5 out of 5
I thoroughly enjoyed Grant Morrison’s first twelve Green Lantern issues, but it admittedly also carried something of a burden of my not being too familiar with GL lore, and so as Morrison began toying with that lore – as per his m.o. – I found myself a little lost as to what was happening, making me hesitate a bit before picking up later issues. …And, I mean, my confusion was to the extent that I wasn’t entirely clear what the setup for this Blackstars mini-series was to be, and re-experienced that hesitant sigh before cracking the covers.
But then I blazed through each issue.
Maybe it’s that it was compressed, and that that compression gave it focus, but I also think that Blackstars is the fruit borne of ‘The Green Lantern’s first ‘season,’ which means it’s the sweet spot of a Grant run when things whatever madness he’s been plotting comes together. I automatically was able to backfill what I didn’t quite grasp, just from the first few pages’ context, and had no problem keeping up: that Controller Mu’s actions have led to a new reality where Hal Jordan has “wished” for Mu’s plans for worldwide peace to become true, and thus: there are no more Lanterns – as in, there never were – and now Hal, as Parallax, is working alongside these Blackstars to spread Mu’s word. Partnered with vampiress Belzebeth, that often means via destruction, but it seems to be working: even Mongul is brought in to line, and in this new world, Earth is now ‘the depressiverse’ (yuk) and Bats and Superman can hardly juggle the world’s ills for all of their own interpersonal struggles.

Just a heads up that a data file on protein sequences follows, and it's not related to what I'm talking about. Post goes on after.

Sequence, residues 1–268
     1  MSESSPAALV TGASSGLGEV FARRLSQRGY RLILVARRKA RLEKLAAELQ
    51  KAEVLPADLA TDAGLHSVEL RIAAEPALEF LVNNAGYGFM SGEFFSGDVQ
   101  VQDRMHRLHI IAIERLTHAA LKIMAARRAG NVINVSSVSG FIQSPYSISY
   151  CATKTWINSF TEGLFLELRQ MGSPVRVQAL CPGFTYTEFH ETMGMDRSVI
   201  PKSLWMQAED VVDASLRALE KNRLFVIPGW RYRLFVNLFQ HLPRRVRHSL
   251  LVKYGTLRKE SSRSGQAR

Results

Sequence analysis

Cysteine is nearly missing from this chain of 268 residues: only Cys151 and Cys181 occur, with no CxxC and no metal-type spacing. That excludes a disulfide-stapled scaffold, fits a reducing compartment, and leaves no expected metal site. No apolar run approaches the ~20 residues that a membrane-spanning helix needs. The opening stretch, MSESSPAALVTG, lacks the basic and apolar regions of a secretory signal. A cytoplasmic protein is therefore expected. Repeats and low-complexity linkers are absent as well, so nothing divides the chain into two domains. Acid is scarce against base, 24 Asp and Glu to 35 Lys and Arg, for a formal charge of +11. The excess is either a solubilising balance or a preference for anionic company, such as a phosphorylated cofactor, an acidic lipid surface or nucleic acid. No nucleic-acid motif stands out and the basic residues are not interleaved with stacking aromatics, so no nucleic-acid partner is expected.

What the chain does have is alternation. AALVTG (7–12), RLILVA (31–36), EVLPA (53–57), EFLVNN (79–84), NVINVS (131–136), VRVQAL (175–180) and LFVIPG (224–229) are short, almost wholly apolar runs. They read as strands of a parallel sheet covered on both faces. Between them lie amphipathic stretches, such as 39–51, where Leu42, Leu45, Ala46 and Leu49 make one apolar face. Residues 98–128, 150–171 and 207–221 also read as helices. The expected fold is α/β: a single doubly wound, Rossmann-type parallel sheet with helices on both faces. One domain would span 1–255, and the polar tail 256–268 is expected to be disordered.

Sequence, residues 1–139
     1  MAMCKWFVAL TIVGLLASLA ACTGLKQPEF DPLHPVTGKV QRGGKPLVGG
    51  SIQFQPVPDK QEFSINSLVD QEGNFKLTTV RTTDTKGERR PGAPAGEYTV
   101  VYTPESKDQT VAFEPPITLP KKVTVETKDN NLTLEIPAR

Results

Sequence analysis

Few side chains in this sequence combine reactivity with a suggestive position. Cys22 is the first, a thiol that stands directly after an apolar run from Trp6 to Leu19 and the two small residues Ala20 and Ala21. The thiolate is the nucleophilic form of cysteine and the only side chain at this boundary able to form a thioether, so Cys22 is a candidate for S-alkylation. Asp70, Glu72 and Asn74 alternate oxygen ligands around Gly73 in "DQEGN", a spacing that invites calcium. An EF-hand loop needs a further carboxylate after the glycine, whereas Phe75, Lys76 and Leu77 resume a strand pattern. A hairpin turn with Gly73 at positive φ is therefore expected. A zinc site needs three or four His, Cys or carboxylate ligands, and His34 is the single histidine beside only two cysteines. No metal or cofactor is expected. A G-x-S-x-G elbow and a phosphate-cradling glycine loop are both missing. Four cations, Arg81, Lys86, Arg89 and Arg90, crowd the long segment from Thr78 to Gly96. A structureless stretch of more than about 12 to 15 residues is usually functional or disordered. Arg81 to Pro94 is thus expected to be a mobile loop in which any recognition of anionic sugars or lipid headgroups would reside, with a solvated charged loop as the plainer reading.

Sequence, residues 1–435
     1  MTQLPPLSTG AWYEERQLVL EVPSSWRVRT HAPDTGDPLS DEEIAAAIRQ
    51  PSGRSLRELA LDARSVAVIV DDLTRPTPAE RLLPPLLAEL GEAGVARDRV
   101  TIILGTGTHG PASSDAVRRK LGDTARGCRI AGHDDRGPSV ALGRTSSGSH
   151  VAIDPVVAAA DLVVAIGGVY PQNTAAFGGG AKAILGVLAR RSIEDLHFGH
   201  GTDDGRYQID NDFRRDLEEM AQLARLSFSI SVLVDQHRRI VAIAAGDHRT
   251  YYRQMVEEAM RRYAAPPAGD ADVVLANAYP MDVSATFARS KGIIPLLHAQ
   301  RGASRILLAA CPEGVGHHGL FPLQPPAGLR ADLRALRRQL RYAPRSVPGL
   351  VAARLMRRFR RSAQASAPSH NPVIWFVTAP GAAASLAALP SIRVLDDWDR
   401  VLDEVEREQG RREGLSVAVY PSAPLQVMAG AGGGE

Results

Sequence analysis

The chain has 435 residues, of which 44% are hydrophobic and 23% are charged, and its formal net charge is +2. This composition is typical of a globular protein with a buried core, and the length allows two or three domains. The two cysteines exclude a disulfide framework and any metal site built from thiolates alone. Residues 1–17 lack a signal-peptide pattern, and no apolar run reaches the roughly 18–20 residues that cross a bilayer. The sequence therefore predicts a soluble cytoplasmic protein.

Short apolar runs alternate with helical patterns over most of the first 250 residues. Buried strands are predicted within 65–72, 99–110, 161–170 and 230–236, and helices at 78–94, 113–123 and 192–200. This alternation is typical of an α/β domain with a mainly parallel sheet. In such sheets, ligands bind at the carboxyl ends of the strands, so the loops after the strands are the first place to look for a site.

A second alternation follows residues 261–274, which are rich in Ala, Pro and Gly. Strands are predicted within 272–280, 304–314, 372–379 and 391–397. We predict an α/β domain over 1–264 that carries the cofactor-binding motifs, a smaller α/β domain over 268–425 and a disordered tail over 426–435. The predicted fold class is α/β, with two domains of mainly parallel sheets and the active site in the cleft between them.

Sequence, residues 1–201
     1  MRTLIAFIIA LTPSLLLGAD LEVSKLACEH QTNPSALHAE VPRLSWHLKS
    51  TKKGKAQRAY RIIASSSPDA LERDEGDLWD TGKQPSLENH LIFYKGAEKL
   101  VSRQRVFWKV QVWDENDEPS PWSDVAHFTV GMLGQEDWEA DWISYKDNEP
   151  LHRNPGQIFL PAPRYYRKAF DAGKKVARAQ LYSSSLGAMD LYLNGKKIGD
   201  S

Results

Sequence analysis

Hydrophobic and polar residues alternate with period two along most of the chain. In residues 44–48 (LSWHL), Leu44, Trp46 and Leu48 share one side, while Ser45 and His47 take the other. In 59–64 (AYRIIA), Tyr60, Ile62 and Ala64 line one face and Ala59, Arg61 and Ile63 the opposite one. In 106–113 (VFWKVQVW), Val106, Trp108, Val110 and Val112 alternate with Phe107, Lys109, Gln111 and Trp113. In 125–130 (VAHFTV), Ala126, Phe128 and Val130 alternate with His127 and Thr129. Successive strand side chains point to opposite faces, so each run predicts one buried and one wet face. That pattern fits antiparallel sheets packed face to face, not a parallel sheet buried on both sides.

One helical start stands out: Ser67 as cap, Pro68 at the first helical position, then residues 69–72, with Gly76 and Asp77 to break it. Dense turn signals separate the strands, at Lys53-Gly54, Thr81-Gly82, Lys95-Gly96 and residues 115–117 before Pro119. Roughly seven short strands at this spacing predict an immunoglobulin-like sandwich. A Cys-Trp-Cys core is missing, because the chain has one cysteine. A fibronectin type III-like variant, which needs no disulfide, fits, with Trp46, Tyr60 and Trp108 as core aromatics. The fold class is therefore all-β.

And Grant doesn’t cheat this. We don’t get the secret winks that tell us that this madness is actually all going according to some GL planning, rather, Hal keeps questioning his recurrent dreams and thoughts of a place called Oa and some other version of Earth, and it’s his tried and true rebelliousness and persistence that eventually leads him to the truth, in a wonderfully badass Morrison sequence of events.
Artist Xermanico and colorist Steve Oliff are quite an amazing pair. While Liam Sharp brought a particular heavy look to his run, his use of computer effects and weird zooms sometimes seemed to miss the cues and scope of Grant’s writing. Here, Xermanico and Oliff somehow balance the mass of characters and massive clashes of this mini with the more grounded “beat cop” pitch of The GL; the book maintains a deep humanity while its spiraling off in various galaxies, which is certainly quite a feat.
After zipping through and loving the series, I ended up rereading the leading up 12 books – as predicted on my initial readthrough, they’re much clearer a second time through, and so much more fun as a result – and then actually reread the Blackstars series to boot. Yes: it was even better the second time through.